What I Felt About Ratatouille, the Movie

Per @mkz's request.
  1. So the first thing is that it never occurred to me to see this movie. I don't tend to be that into animation, so even though it was related to food, the previews didn't interest me that much.
  2. On our seventh or eighth date, @evan made a reference to it which I totally missed.
    "How are you a chef who has never seen "Ratatouille?! We must remedy this immediately!" I rolled my eyes.
  3. So finally we made a dinner-and-a-movie date. I cooked risotto and we ate it in bowls on the couch while we watched.
    It occurred to me that maybe I should've actually cooked ratatouille.
  4. The first thing I noticed is that Linguini looks exactly like a sommelier who works in fine dining in San Francisco.
    He's currently at Hakkasan downtown, if you want to see for yourself. It's absolutely uncanny.
  5. It immediately seemed obvious that a rat would be a super-taster.
    Remember Templeton from "Charlotte's Web"?
  6. I was impressed by the movie's depiction of Colette, the sous chef's struggle with sexism in a male-dominated kitchen.
    It seemed like the kind of thing a movie like this might choose to gloss over, and I liked that it didn't.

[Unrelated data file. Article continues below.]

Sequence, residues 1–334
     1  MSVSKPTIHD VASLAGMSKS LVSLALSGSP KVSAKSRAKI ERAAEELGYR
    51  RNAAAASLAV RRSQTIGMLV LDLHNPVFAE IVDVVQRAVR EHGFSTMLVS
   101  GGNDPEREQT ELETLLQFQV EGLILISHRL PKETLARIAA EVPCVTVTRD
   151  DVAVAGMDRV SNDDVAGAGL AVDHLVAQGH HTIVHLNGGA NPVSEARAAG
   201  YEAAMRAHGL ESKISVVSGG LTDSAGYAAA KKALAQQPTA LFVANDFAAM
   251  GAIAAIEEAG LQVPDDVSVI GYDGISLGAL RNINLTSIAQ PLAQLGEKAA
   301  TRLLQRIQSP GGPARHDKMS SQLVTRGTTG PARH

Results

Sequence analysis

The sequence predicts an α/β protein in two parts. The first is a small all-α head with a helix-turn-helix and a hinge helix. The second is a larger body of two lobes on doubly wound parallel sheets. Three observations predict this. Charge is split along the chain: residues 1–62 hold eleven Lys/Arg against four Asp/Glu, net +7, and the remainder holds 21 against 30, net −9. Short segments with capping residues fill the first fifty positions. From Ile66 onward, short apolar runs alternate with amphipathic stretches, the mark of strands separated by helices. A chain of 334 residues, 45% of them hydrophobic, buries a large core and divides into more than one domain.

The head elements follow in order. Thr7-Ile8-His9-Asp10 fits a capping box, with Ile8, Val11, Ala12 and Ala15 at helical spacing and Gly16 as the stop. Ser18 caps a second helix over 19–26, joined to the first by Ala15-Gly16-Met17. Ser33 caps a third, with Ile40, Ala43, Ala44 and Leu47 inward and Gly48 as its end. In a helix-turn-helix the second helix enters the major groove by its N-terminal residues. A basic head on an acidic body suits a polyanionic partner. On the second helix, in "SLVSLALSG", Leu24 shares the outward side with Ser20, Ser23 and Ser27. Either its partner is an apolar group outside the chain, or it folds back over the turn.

7. Loved the themes about learning to be your true self.
  8. A world in which restaurants function like monarchies and have "rightful heirs" seems unrealistic, but ok, I'll buy in for the sake of the story.
  9. The thing Colette says about the sound of the crust of bread is totally true.
    And, since seeing a movie, @evan has never not repeated that quote while holding a loaf of bread and tapping on its underside.
  10. "Anyone can cook, but only the fearless can be great." - Chef Gusteau
    Two things I love about this: firstly, I truly believe that anyone can cook (if you think you can't, get yourself a copy of @molliekatzen's excellent "Get Cooking," and watch her videos on get-cooking.com). Secondly, this quote addresses another thing I truly believe, which is that you have to be brave and willing to take risks in the kitchen (and everywhere else, really). It's how you move from capable to great.